Post  sanderson on 9/24/2017, 4:52 pm

A third bin is also great. Turn #2 into #3. Turn #1 into #2. Repeat going backwards. Or a third bin for finished compost.

Have you started looking for bagged composts in case you need to supplement? Have you looked at this thread? http://squarefoot.creatingforum.com/t21089-recommended-store-bought-compost?highlight=compost

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Re: Compost Heaps

Post  brianj555 on 9/24/2017, 5:09 pm

@sanderson wrote:A third bin is also great.  Turn #2 into #3.  Turn #1 into #2.  Repeat going backwards.  Or a third bin for finished compost.

Have you started looking for bagged composts in case you need to supplement?  Have you looked at this thread?  http://squarefoot.creatingforum.com/t21089-recommended-store-bought-compost?highlight=compost
Oh yeah.  I never thought about it like that. I could just add a third in and turn it the way you described.  Thanks.  In regard to compost, I DON'T get my compost from big box stores.  I have a local feed and seed that I go to.  They have (or at least had) course vermiculite.  ( I put it on the database) and pmoss.  I got the five different kinds of compost.  Two are the same as examples on that page you provided the link for.  The black kow and mushroom are exactly the same.  The others were chicken, cotton burr and worm castings. I didn't have an equal amount of worm castings to the other 4 due to expense though. I was filling a 40 cubic foot box. I will be going back there to supplement my home made compost once I figure out how much I make.
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Re: Compost Heaps

Post  brianj555 on 12/24/2017, 12:54 pm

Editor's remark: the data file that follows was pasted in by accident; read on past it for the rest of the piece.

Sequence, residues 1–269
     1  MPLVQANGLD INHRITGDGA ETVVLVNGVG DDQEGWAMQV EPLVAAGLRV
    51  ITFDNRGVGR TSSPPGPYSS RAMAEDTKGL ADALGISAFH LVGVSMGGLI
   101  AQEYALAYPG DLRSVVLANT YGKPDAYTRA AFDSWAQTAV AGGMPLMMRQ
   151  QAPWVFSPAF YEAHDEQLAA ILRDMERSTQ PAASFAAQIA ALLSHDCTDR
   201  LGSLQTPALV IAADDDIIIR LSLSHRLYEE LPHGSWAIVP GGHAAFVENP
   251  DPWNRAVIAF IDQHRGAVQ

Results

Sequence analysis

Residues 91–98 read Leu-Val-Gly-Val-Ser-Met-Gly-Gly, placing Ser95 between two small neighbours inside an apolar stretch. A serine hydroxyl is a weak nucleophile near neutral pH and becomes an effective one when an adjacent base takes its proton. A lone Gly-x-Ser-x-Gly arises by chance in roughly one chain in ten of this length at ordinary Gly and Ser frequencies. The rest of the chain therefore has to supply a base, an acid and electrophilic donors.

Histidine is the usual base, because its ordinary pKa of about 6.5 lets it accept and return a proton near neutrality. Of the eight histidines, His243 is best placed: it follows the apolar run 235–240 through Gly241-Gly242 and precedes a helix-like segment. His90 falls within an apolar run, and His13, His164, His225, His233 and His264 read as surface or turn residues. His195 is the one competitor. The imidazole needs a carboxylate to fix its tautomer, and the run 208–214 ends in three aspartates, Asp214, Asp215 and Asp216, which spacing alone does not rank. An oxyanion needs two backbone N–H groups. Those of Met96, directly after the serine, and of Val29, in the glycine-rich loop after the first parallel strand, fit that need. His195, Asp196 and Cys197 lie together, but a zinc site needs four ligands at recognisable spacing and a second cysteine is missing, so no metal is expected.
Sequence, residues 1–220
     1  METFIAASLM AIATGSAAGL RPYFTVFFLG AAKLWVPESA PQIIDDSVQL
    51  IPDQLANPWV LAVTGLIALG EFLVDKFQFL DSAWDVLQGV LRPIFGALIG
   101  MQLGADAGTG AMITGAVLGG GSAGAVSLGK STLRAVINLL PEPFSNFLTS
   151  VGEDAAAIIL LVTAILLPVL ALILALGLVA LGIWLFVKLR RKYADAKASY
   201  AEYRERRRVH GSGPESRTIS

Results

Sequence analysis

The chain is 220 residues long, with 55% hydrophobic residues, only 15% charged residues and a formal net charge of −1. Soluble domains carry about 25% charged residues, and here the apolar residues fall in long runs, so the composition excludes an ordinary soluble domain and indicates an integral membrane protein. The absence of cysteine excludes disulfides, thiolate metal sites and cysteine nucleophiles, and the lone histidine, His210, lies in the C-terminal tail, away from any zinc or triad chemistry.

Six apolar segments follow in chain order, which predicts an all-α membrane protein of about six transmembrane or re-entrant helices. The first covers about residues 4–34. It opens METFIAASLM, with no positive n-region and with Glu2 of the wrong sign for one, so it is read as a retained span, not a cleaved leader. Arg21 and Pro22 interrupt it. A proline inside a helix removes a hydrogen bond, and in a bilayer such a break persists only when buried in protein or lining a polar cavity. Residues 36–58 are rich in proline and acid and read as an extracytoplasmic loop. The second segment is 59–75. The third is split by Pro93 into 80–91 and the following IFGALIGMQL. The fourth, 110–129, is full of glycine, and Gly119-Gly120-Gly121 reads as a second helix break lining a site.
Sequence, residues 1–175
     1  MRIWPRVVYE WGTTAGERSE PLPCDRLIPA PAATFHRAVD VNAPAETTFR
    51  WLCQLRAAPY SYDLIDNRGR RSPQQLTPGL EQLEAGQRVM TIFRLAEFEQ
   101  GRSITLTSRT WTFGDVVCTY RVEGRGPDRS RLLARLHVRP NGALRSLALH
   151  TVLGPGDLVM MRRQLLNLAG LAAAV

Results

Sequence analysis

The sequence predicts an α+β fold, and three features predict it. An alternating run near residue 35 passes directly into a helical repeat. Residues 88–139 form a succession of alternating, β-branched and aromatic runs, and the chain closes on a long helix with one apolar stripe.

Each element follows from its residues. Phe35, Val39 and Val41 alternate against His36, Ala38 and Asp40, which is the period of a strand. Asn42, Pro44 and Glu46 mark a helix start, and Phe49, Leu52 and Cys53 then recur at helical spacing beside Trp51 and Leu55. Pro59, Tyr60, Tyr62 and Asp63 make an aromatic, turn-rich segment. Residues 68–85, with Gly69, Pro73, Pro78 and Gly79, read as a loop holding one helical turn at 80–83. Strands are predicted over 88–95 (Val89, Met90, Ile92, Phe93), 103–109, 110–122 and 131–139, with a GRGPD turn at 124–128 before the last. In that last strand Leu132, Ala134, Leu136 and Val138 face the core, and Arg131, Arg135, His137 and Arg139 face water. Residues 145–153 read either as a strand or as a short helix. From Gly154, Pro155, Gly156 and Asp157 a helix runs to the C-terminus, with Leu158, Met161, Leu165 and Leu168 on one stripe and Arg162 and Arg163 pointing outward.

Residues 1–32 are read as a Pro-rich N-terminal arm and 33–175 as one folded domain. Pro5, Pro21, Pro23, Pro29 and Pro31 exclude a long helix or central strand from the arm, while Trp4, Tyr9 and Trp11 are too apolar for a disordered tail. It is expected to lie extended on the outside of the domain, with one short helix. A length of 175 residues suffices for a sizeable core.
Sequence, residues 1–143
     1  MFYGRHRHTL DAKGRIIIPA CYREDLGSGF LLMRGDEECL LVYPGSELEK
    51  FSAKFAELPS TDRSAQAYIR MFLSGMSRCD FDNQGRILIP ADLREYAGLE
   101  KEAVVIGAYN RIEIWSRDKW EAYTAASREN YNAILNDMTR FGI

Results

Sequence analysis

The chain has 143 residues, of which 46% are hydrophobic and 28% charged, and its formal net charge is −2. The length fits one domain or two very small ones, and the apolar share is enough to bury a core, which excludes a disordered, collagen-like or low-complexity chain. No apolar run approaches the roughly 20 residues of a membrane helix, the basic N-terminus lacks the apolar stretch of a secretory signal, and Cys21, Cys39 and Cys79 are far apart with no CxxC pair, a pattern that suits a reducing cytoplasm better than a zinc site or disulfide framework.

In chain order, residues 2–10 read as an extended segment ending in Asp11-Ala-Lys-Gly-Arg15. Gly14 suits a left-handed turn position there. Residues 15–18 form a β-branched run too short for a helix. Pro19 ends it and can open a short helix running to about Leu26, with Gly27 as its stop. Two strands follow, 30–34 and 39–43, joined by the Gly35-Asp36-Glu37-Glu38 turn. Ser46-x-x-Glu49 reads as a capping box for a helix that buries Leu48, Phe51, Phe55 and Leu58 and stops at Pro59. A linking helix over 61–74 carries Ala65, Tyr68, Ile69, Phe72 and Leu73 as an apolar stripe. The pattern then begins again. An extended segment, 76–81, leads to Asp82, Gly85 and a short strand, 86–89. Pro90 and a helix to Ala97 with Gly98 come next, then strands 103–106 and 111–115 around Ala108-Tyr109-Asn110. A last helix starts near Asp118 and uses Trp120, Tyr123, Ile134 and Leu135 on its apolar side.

I started harvesting black gold from my very first composting effort yesterday.  After sifting I was pleasantly surprised by the amount and appearance of the finished product. 




I would say (based on five gallon buckets) I harvested about 3 cubic feet and still have half of the heap left to sift.
I am a little concerned about some seeds that have appeared to fallen out of the pine trees from above, but I guess I will deal with those if they sprout.
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Re: Compost Heaps

Post  sanderson on 12/24/2017, 1:23 pm

I wouldn't worry about the pine seeds.  It one germinates, you'll be able to identify it easily as not belonging in that square.  Very Happy

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Re: Compost Heaps

Post  bigdogrock on 12/31/2017, 5:41 pm

In light of all the cold, feeling like a trapped rat, nursing a nagging cold, and to avoid sweeping and doing the dishes (for the second time today) I decided I needed to know what the temperature of some of my compost piles. I had one pile that was inside the black bell, appeared to be frozen solid, so I got a 4 foot pry bar and poked it down until it hit soft stuff. I was about two feet down and the temperature read 38°F (3.333°C). Everything else was 32°F (0°C). The other piles were frozen as far as I could reach in.

So, now I know.

Yup. 

Good.

Something must be happening at 38°F (3.333°C), right?

It isn't frozen, yet. (Today's high is 2°F (-16.6666°C) with a pretty good breeze, and some wind. Everything but the bell has at least a foot of snow and ice on it.

Well, look at the bright side, now I can say I worked in the garden on the last day of the year Rolling Eyes .